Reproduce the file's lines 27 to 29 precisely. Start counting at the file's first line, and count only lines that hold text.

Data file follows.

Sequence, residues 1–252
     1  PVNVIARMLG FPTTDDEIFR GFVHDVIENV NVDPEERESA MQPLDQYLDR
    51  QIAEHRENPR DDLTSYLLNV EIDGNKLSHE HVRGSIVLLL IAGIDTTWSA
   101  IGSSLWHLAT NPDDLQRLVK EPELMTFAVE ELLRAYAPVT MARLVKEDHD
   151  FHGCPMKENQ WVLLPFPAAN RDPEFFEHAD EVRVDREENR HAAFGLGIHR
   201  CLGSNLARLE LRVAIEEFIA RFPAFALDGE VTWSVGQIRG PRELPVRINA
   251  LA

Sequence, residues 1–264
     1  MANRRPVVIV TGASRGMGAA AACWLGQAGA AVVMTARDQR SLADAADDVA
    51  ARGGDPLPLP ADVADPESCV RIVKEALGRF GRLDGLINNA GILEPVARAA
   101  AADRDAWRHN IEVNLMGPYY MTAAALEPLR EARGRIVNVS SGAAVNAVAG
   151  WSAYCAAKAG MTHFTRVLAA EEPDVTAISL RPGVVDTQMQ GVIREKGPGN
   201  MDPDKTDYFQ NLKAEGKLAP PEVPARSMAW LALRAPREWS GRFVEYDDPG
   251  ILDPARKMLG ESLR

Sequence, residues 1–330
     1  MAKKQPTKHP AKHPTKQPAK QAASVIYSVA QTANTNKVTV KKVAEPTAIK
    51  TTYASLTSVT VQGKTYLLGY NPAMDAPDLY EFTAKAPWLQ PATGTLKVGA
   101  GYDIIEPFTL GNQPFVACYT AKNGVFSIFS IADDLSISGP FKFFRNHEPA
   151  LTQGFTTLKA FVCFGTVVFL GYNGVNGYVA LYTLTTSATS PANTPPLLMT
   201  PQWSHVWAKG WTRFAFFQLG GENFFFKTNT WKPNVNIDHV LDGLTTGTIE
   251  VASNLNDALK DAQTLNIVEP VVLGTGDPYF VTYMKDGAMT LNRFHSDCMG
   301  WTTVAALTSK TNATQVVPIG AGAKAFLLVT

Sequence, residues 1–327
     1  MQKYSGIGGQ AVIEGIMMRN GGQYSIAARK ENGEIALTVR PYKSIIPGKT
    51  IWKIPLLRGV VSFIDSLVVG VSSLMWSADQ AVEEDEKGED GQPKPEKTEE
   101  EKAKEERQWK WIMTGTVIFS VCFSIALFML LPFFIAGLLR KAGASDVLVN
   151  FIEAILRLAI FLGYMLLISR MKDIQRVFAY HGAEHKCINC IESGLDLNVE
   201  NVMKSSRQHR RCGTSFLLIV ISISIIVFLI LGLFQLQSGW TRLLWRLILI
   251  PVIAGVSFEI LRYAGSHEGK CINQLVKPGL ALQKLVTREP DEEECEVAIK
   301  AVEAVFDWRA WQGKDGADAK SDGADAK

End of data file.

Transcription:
   151  FIEAILRLAI FLGYMLLISR MKDIQRVFAY HGAEHKCINC IESGLDLNVE
   201  NVMKSSRQHR RCGTSFLLIV ISISIIVFLI LGLFQLQSGW TRLLWRLILI
   251  PVIAGVSFEI LRYAGSHEGK CINQLVKPGL ALQKLVTREP DEEECEVAIK